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Demokratia (Greek: δημοκρατία) is a direct democracy, as opposed to the modern representative democracy.

It was used in ancient Greece, most notably Athens, and began its use around 500 BCE. In a participant government, citizens who wish to have a say in government can participate in it. Demokratia excluded women, foreigners, and slaves. It barred between 80 and 90 percent of the population from political rights.[1]

The word demokratia comes from δῆμος demos "people" and kratos "power": "the people hold power." Demos, including the lower classes, had political equality and notwhile respecting laws and institutions, was given full and absolute control of power and government."[2]

In some languages, including Finnish, Demokratia is a word simply meaning democracy.

Quoted from MODERN AMERICA AND THE RELIGION OF DEMOCRACY (Internet archive) by Loren J Samons II:

In classical Athens, religion suffused every aspect of public life, from the theater to the military to the political assembly. The state (that is, the citizens) sponsored religious festivals and actively participated in the propitiation and worship of the gods. This fact well illustrates the way the various aspects of Athenian society — religious, political, economic, and social — overlapped with and affected one another, and the way every Athenian found himself set firmly within a matrix of duties to the gods, to his family, and to his fellow citizens. The principle of necessary duties (especially to protect the family, to serve the polis, and to propitiate the gods) formed the basic structure of Athenian society, and gave meaning to each religious, economic, military, and political act. In such an environment, it was impossible for the Athenians abjectly to worship a form of government, demokratia, even after they had made it a goddess. The idea that the "freedom to make choices" or "diversity" were absolute goods and thus could serve as goals or ideals (on a level with, much less above, family, gods, or polis) contradicted the very premises of Athenian society. Thus while democratic practices ultimately had a marked and deleterious effect on Athenian national strength and public morale and arguably contributed to the loss of Athenian independence, Athenian society managed to stave off the most harmful aspects of democratic theory. Even after they lost their democracy and autonomy, there is little evidence that the Athenians completely lost their fundamental conception of a society based on the principle of duties.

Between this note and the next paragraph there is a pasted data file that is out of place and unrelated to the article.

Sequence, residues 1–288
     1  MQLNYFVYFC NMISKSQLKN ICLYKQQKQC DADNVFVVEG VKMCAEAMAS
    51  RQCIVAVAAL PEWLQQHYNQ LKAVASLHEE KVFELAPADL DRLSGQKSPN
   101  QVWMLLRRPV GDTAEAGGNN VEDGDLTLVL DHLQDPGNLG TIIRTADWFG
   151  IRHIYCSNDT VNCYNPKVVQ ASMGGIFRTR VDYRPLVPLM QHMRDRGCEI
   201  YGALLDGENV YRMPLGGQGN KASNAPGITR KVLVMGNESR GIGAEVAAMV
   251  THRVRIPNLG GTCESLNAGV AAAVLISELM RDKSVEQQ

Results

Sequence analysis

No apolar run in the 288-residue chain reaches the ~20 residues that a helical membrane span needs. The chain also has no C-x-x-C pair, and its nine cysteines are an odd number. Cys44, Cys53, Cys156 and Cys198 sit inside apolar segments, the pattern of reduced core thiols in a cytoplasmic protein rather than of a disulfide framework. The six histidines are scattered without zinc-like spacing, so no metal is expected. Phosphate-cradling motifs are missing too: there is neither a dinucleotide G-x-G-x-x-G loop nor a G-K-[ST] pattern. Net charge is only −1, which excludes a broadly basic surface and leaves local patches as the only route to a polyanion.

1. ^ Morris & Raaflaub Democracy 2500?: Questions and Challenges
  2. ^ Morris & Raaflaub Democracy 2500?: Questions and Challengesp.34


I. Morris & K. Raaflaub (ed.), Democracy 2500?: Questions and Challenges, Kendal/Hunt Publishing Co., 1998